The European Journal of Comparative Economics

ISSN: 1824-2979

EJCE Year: 2008, December. Volume: 5 - Issue: 2

Wives' work and income distribution in European countries

by Silvia Pasqua

Start page: 157 - End page: 186

Keywords: Female employment ; Inequality decomposition

Jel code: D3; J21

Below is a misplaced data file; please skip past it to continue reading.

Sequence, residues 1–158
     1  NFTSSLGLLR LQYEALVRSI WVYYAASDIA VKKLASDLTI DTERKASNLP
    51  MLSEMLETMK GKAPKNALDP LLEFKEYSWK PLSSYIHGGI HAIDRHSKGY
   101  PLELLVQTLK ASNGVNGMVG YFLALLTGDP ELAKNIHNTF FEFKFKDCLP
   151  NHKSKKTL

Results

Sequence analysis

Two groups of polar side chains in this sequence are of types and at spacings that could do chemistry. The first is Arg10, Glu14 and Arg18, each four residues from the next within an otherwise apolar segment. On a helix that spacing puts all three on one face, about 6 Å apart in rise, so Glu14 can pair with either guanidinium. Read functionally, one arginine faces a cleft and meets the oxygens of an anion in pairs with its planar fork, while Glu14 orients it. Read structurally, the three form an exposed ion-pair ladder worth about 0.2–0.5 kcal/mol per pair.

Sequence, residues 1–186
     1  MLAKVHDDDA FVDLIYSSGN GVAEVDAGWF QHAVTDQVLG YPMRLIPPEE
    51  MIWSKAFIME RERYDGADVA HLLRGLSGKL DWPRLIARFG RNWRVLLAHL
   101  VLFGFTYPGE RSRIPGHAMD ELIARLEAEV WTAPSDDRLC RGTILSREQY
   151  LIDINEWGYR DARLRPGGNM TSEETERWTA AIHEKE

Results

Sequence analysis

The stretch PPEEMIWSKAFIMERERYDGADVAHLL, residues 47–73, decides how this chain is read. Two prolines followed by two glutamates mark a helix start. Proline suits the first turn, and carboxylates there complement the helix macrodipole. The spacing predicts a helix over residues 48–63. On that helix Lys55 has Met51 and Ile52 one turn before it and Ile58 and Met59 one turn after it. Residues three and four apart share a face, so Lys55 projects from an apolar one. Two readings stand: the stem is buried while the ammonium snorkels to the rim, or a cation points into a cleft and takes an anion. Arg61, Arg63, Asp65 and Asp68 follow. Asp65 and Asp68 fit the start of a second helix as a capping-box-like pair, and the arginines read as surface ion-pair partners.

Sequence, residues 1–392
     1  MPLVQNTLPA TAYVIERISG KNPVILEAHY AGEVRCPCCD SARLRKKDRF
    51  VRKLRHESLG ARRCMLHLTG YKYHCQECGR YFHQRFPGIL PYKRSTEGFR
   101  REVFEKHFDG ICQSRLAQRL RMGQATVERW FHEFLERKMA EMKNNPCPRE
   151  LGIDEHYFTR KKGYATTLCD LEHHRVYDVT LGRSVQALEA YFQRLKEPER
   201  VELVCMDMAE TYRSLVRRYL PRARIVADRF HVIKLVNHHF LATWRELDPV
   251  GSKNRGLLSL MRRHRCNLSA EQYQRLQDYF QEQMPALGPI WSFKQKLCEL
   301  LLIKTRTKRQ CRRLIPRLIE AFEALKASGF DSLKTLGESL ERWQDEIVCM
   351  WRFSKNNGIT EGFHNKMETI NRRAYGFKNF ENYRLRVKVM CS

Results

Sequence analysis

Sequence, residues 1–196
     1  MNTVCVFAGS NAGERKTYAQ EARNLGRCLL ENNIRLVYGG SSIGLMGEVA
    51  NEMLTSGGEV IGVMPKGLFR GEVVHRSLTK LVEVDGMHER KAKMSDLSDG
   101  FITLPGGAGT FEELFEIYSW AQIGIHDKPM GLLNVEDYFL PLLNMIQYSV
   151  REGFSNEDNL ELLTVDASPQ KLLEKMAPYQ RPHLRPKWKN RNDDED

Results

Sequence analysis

Women's participation in the labour market varies substantially across Europe. While female participation rates are usually high in Northern countries, they decline as one moves South, where more traditional household models still predominate and women devote more time to domestic rather than to labour-market activities. At the same time, income is more equally distributed in Northern than in Southern European countries. This paper takes a cross-country approach to analyse the impact of wives' work on income distribution, using the last wave of the ECHP (European Community Household Panel) data set. Decompositions of inequality measures and counterfactual distributions are used to assess the impact of higher female employment rates on inequality in household income distribution. The decomposition of inequality by household type shows that income in all the countries studied is distributed more equally among dual-earner than among male-breadwinner households. Since the percentage of dual-earner families is higher in Northern European countries, inequality is lower. Sub-group analysis also shows that within-group inequality is the main source of inequality in all countries concerned, while between-groups inequality has a lower impact. Decomposition by sources of income reveals that, in European countries, women's earnings account for a lower proportion of overall inequality than men's earnings and that the impact of women's work on income distribution is mainly due to the "employment effect": wherever women work less, inequality in women's earnings distribution is higher, due to the higher number of zero values in the distribution. Moreover, analysis of inequality among working wives shows that female labour income is often distributed more equally where women's employment rate is higher. Finally, counterfactual distributions are used to show that an increase in women's participation in the labour market can cause a decrease in household income distribution inequality.

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